(02) 7251 9251

Categories
Asian Fusion Fine Dining Modern Australian

Odd Culture – Newtown NSW Restaurant Review

Fermented things have recently and unfortunately become my enemy, and so naturally one of my last dines of the year was had at one of Newtown’s newest wine bars with a focus on cultured and fermented foods.

The Beer Bread ($5 for 3 pieces) was your classic house-made sourdough with salted cultured butter. It wasn’t mindblowing, but it did actually have a bit of a beery flavour to it, which made it many times more interesting than yet another bread. And a soft, salted butter and bread is always a winning combination.

The delightfully small and expensive fish on toast ($10 each) was an interesting and probably South East Asian inspired mouthful of mango and fish. The toast base was extremely buttery, with a mouthfeel that reflected its many unseen layers. The scallop sashimi, as well as possibly some other white fish, was soft and sweet, and complimented by the soft ripe mango. The jalapeno advertised was not easily found. This was a really great snack, but I wish it were a bit larger or a bit less expensive.

The beef tartare ($20) was a bit different to the normal formed slab of raw meat, instead in this mixed in with puffed rice and seasonings. Herbs were used to great effect in this dish, imparting a unique flavour. It was however a little bit physically difficult to eat, and a bit of cracker would’ve gone a long way.

Recently burned by a $12 fermented tomato, I was a bit hesitant and wary about the tomato dish, ($22). It turned out however that I was foolish in my concern, as one taste of this tomato dish was able to justify their price. The tomato in this dish was fresh but umami, and delightfully sour but also tempered by the creamy soy milk yoghurt on top. It was an unexpected but wonderful fresh type dish, even suitable for vegan-types.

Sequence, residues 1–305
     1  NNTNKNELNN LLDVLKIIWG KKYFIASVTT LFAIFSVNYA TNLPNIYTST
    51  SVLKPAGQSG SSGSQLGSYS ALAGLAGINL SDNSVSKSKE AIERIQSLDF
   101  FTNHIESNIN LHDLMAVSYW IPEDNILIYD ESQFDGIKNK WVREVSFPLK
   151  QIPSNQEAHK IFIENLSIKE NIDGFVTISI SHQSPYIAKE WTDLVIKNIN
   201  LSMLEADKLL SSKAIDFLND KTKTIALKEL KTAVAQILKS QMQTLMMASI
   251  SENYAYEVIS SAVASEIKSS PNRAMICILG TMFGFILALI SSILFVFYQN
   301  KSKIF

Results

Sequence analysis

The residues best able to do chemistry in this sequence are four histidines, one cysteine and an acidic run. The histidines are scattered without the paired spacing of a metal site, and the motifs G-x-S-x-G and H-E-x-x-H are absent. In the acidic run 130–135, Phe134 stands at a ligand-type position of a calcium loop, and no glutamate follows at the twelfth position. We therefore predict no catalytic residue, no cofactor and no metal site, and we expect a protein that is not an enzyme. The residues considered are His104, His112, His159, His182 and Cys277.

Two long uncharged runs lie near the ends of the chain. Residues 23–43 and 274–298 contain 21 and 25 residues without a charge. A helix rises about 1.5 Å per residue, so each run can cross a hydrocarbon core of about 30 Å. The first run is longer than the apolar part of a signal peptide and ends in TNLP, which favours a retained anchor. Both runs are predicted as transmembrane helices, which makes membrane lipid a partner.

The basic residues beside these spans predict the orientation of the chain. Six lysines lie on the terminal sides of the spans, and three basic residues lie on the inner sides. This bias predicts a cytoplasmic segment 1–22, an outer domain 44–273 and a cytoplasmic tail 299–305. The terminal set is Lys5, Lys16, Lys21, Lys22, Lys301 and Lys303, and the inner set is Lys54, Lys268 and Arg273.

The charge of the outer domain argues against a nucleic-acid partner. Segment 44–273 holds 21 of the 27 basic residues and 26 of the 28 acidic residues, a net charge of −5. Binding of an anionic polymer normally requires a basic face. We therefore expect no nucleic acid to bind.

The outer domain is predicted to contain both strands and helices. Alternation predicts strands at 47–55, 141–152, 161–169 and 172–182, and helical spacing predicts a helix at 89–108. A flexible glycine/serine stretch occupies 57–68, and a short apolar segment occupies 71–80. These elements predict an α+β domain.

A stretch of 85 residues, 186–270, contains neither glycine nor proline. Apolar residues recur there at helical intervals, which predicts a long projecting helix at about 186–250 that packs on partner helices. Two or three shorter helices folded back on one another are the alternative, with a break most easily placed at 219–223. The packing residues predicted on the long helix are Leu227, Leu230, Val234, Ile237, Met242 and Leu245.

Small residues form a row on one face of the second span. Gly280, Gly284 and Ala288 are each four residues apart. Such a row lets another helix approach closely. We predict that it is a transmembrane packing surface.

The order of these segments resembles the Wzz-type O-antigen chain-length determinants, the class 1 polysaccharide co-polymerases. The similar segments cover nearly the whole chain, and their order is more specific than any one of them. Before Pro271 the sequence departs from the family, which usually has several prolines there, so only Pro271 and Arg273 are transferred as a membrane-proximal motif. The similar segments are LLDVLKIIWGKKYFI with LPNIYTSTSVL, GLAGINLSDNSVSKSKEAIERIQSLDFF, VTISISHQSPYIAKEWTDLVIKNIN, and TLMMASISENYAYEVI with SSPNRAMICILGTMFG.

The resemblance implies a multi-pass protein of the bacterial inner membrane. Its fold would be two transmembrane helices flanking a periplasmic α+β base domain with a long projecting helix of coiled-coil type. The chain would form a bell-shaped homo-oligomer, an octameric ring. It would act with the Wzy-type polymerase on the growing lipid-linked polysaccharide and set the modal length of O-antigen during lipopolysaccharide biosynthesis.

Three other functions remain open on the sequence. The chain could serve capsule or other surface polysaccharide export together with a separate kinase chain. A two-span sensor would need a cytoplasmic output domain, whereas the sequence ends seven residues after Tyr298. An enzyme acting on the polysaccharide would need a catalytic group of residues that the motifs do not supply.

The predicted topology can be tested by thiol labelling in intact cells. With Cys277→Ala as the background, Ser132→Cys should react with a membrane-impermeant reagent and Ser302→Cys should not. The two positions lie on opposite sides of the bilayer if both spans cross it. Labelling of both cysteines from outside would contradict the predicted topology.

The chicken liver pate ($16) was really good. I particularly enjoyed the thick cut and lightly salted potato crisps, which had such an amazing crunch that is probably better than any other potato crisp I’ve ever had. They had the perfect size and structural integrity to scoop up (probably too many) gobs of rich, silky smooth chicken liver pate and deliver them to my mouth. The fish sauce caramel base was inventive and delicious, and while my girlfriend didn’t like this dish she was wrong. I only wish that these same chips could’ve been available to scoop up the beef tartare.

The blood pancake ($26) with pork jowl, fried egg, and maple syrup was much sweeter than I thought it would be. Looking at the photo and ingredients list you would likely imagine a savoury dish, but the truth of the matter was that even if the pancake had been savoury in and of itself, the swimming pool of maple syrup would’ve taken care of that. Despite the pork jowl and blood, the pancake was ultimately only a little bit savory, the majority of the flavour coming from the maple syrup which soaked through the entire cake. While I did enjoy the interesting texture, I think ultimately this leaned too much into the sickly sweet side of the flavour scale.

The koji roasted chicken ($42) was good but not a revelation. Juicy, succulent and tender, the chicken was well cooked, with a koji-miso flavour. I didn’t realise that there was congee in the dish, which I am only just seeing now looking at the photo. That might have added something to the experience, but really (and my girlfriend will attest to this) I can cook something similar and not spend $42 doing it.

This semifreddo ($16) with black sesame and white chocolate was very good. Specific details escape me but even the bed of crumbs was delicious.

The panna cotta ($14) with fig leaf and blueberry was visually interesting but orally mediocre. A good choice if you like juicy stewed berries, but a boring choice if you can choose the semifreddo instead.

COMMENTS
Overall I quite enjoyed our meal at Odd Culture. Many of the dishes were very good, and even the least good dishes were at least OK. I’d probably not go again until their menu changes, but could recommend it to a colleague or friend. The chairs were sadly not comfortable.

Odd Culture Newtown
266 King St, Newtown NSW 2042
(02) 8317 3057